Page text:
< On US-Mexico Border, Groups Help Migrants with Severe Problems
By Dan Novak
08 January 2023

Many migrants are arriving at the U.S.-Mexican border in need of medical and mental health treatment.

Doctors, social workers, shelter directors, clergy and law enforcement officials say growing numbers of migrants have experienced or witnessed violence.

Dr. Brian Elmore volunteers at a health center in Ciudad Juarez, Mexico. The city is on the U.S.-Mexico border. Elmore has treated about 100 migrants for viruses affecting the lungs and some for emergencies.

Migrants walk around bunk beds inside a government-run shelter in Ciudad Juarez, Mexico, on Sunday, Dec. 18, 2022. (AP Photo/Andres Leighton)
Migrants walk around bunk beds inside a government-run shelter in Ciudad Juarez, Mexico, on Sunday, Dec. 18, 2022. (AP Photo/Andres Leighton)

But he said trauma worries him the most.

"Most of our patients have symptoms of PTSD — I want to initiate a screening for every patient," said Elmore who is an emergency doctor at Clinica Hope. PTSD stands for post-traumatic stress disorder. It is a condition of extreme tension caused by a shocking or severe event in the past.

But there are few resources for this kind of care. Shelters have been flooded by new arrivals and migrants who have been in Ciudad Juarez for months. Only the most severe cases are treated.

"Like a pregnant 13-year-old who fled gang rapes, and so needs help with childcare and middle school," said Zury Reyes Borrero. Borrero works in Arizona with the Center for Victims of Torture. He said he visited such a girl when she gave birth. "We get people at their most vulnerable," he said.

In the past six months, Reyes Borrero and a coworker have worked with about 100 migrants in Catholic Community Services' Casa Alitas. It is a shelter in Tucson, Arizona. In December, Casa Alitas was receiving about 700 people daily released by U.S. officials. They came from countries including Congo and Mexico.

Each visit can take hours, as the case workers try to build trust with migrants, Reyes Borrero said.

Most migrants are traumatized by what they left behind or what they saw on their trip, said Leonce Byimana. He is director of U.S. clinical services for the Center for Victims of Torture. He said the migrants need "first-aid mental health" as well as long-term care that is even harder to get once they leave the shelters.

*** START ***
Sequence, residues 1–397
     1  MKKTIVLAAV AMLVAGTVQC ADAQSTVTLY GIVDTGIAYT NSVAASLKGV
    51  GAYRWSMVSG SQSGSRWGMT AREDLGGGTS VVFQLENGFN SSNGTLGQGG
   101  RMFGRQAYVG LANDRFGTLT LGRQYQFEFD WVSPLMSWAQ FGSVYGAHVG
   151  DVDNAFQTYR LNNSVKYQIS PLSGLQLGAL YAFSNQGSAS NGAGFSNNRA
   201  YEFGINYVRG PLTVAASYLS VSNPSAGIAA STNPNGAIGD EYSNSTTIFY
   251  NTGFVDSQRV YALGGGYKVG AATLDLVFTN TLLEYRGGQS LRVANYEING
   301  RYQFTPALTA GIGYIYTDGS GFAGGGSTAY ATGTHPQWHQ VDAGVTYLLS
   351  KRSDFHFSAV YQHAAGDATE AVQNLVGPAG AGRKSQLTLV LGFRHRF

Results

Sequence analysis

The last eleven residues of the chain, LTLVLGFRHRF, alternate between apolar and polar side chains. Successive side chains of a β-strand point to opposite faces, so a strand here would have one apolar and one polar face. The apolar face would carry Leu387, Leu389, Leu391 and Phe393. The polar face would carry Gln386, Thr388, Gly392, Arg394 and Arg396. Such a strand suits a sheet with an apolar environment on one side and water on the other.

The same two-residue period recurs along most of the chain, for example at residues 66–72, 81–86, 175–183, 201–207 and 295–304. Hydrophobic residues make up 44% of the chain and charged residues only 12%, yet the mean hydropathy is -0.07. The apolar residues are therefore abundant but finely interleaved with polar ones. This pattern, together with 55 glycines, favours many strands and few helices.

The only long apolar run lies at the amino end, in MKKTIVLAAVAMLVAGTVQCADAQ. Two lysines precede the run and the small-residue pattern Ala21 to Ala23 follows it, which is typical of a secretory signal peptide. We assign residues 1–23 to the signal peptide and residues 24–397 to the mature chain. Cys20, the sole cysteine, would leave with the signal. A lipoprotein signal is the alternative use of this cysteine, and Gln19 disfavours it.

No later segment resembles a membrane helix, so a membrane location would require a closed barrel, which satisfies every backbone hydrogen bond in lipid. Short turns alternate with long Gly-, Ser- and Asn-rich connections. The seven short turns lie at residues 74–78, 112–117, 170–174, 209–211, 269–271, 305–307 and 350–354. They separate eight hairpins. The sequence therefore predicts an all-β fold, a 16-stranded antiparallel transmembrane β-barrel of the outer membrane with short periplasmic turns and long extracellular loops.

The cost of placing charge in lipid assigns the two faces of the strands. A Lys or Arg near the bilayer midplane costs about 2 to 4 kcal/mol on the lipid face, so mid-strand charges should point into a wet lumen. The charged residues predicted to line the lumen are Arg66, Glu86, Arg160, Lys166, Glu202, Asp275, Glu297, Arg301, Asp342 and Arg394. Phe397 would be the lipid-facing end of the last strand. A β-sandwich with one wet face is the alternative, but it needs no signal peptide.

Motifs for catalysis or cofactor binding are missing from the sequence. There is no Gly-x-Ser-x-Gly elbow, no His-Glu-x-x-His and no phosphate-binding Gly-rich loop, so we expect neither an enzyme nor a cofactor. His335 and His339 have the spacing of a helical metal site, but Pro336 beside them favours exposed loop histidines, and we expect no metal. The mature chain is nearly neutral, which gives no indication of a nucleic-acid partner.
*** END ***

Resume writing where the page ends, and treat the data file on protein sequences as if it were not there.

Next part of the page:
Left untreated, trauma can get worse to the point where it requires psychiatric care instead of treatment and self-help, said Dylan Corbett. He is the Hope Border Institute's director, the group that operates Clinica Hope.

Reports say there has been an increase in pregnant women and girls in the border area. Some are victims of attacks. Some are younger than 15.

Volunteers and activists have used limited legal, medical and other resources to help these victims. The situation has left hundreds of other victims of political violence and organized crime without help.

In many cases, forensic tests at border medical centers that aim to record mental and physical abuse are very important to migrants' asylum cases. Byimana said often no other evidence is available for courts to make asylum decisions. Asylum is given to those who cannot return to their countries for fear of harm or violence. That can include violence against women.

But it takes years for asylum cases to be decided in U.S. immigration court. Syracuse University's Transactional Records Access Clearinghouse, an information center, said more than 1.5 million people are waiting for their cases to be heard.

Activists say a long wait for asylum and a long trip through many countries can worsen the trauma that migrants experience.

Sarah Howell treats migrants suffering from problems in Houston, Texas. She has been studying trauma and forced migration for 15 years. "There's a different tension and fear in faces than I've seen before," she said.

I'm Dan Novak.

Dan Novak adapted this story for VOA Learning English based on reporting by The Associated Press.


Words in This Story

trauma — n. a difficult experience that causes emotional problems –n. (medical) a serious injury to the body

initiate — v. to start something to happen

screening — n. a process of finding out information from a person for a purpose

vulnerable — adj. able to be hurt or influenced physically or emotionally

psychiatric — adj. related to medical treatment of mental or emotional disorders

forensic — adj. related to the use of scientific knowledge to solve crimes

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